The purported beheading of American photojournalist James Foley by Islamic State militants has sent shockwaves around the world.

Many of Foley’s friends and colleagues are remembering the 40-year-old as a kind and dedicated journalist who didn’t let fear stand in the way of his reporting from conflict zones.

Foley was on a freelance assignment for GlobalPost, a Boston-based online publication, when he was kidnapped in Syria on Nov. 22, 2012. He had also freelanced for Agence France-Presse.

A Rochester, New Hampshire native, Foley started pursuing a journalism career later in life. He worked as a teacher for years before attending Northwestern University’s Medill School of Journalism in 2008.

A few years later, he told journalism students at his alma matter that his brother, a soldier, inspired him to report from war zones.

Before he vanished in Syria, Foley survived a kidnapping in Libya in 2011. He was released after 44 days in captivity and spoke at length about his experience upon his return to the U.S.

In a letter to Marquette University, where he obtained an arts degree in the 1990s, Foley said his faith got him through those dark days in Libya.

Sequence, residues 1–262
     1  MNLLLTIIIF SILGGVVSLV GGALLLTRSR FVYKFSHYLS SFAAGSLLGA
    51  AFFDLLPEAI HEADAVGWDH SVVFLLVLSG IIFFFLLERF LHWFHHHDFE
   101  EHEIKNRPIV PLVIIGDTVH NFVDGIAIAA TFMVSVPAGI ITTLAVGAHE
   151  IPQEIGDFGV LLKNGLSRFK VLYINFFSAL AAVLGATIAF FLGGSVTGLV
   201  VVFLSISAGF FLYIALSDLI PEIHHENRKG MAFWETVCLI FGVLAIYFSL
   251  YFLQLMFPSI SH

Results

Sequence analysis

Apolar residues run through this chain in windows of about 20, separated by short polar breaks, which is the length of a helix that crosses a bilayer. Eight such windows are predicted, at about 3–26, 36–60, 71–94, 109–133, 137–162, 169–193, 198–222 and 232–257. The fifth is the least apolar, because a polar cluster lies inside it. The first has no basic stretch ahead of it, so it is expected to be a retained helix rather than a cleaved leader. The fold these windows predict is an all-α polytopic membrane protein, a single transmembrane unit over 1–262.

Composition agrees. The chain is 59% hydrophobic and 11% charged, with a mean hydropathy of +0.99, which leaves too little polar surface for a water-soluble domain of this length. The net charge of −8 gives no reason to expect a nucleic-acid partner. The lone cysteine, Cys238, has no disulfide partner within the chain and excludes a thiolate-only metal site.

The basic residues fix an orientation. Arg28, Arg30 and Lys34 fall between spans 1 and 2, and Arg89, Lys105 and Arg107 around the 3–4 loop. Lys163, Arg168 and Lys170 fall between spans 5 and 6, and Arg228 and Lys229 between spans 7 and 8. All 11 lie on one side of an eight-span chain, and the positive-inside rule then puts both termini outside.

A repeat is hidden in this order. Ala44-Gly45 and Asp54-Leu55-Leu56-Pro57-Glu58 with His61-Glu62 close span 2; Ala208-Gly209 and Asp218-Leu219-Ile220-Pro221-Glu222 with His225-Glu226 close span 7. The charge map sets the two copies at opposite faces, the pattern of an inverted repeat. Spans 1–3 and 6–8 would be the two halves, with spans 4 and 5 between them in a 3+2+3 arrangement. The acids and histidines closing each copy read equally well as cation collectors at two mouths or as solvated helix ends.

“If nothing else, prayer was the glue that enabled my freedom, an inner freedom first and later the miracle of being released during a war in which the regime had no real incentive to free us,” he wrote. 

Another American journalist who was detained in Libya along with Foley wrote about their ordeal and recalled how Foley kept everyone’s spirits up.

“We shared a cell for two and a half weeks, and every day he came up with lists for us to talk through,” Clare Morgana Gillis wrote in May 2013.  “Top 10 movies. Favourite books…Which famous person would you most like to meet? What’s your life story?” 

She said everyone who met Foley immediately liked him because he had a good sense of humour and was “famously even-tempered” in tough situations.

“Jim sees the good in nearly everything and everyone,” she wrote. “He is a master motivator.”